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? about black beans

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I am a fairly advanced home cook and, being a single mom, can make a feast out of just about nothing, but I'm having issues with tender beans. I can cook pintos just fine, but black beans are proving to be my nemnisis. Soaked overnite (can you soak beans too long?) and in the crockpot w/ sauteed onions, garlic, chorizo and seasonings. Still chewy. Possibly do they get stale? They have been stored in a glass jar with a cork lid for a few months, but, since they're dried, I didn't think months would matter. Any advice? and how do I save my dinner tonite? Should I just blend 'em? Help!

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  1. black beans will toughen up and require even longer cooking if you add salt or acid early on. maybe that's the problem?

    1 Reply
    1. re: goodhealthgourmet

      Acid for sure but I salt my water when making black beans all the time they they come out tender after ~2 1/2 hours cooking and that's without soaking. Cooked too long and they come out mushy.

    2. Did they ever come to a full boil?

      1 Reply
      1. re: paulj

        I put them on high, then lowered the temp to low after an hour or so. Sigh. I think I'll blend them and wrap 'em in a tortilla! Kids will never know the difference... :)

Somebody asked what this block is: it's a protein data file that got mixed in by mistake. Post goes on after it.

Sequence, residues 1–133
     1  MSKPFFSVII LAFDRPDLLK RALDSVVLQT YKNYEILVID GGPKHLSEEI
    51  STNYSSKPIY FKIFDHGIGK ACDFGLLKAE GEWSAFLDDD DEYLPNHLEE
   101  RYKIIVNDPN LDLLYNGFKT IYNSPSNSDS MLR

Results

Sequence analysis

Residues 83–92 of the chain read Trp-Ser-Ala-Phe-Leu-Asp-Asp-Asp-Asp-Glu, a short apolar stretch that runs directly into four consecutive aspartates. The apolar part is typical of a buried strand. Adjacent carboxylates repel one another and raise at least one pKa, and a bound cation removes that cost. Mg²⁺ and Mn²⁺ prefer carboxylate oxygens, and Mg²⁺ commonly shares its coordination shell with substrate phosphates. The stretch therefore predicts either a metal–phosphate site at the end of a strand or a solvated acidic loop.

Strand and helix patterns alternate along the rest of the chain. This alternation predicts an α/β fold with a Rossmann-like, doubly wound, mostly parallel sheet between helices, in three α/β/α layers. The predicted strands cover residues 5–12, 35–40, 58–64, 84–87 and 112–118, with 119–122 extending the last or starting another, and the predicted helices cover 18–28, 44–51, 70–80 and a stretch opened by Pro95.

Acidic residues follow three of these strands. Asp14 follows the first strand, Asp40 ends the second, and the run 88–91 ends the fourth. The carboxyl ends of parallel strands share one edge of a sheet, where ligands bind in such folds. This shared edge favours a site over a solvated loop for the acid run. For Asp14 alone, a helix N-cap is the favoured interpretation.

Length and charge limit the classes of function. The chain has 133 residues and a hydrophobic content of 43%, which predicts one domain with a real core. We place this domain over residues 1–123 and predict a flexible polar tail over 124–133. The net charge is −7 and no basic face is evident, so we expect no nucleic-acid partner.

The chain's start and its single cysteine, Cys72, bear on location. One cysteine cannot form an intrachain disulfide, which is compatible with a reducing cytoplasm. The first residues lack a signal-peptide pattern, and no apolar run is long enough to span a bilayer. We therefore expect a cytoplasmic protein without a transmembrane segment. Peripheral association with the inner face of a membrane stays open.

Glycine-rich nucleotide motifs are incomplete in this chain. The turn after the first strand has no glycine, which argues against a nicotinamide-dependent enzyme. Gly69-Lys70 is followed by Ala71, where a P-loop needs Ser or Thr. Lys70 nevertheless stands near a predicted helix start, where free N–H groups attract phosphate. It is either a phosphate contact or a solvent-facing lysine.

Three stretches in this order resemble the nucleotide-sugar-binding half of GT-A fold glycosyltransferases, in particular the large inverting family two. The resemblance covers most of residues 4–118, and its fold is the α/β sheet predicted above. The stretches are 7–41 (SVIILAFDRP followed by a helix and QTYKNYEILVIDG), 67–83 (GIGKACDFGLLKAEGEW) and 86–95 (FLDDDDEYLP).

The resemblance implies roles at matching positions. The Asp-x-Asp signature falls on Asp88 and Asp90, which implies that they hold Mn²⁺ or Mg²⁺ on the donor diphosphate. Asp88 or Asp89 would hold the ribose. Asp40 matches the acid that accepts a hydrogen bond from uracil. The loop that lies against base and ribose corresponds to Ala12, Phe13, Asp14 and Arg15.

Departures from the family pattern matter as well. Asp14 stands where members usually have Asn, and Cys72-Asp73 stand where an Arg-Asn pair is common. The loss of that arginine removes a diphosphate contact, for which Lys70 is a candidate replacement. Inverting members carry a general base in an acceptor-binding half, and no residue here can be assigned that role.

2. I believe beans can go stale. A few months on your shelf, and you don't know how long they sat at the store.... or the warehouse for that matter... Try a fresh bag.

        2 Replies
        1. re: UnConundrum

          Yeah, staleness is always a risk with mass market beans in North America. Best to buy from artisanal producers like Rancho Gordo, from purveyors who include a harvest or pull date (often pricey European brands, unfortunately), or markets with a high turnover of the variety you're planning to cook (e.g. Latino markets for black beans, Middle Eastern markets for favas).

          1. re: carswell

            method of storage once you get them home is important as well...airtight container, cool, dry place. califntve, i have to wonder if the cork lid could have also been an issue since it's porous material. personally i think dried beans keep best in a glass jar with a tight-fitting screw-top - try that with the next batch you buy.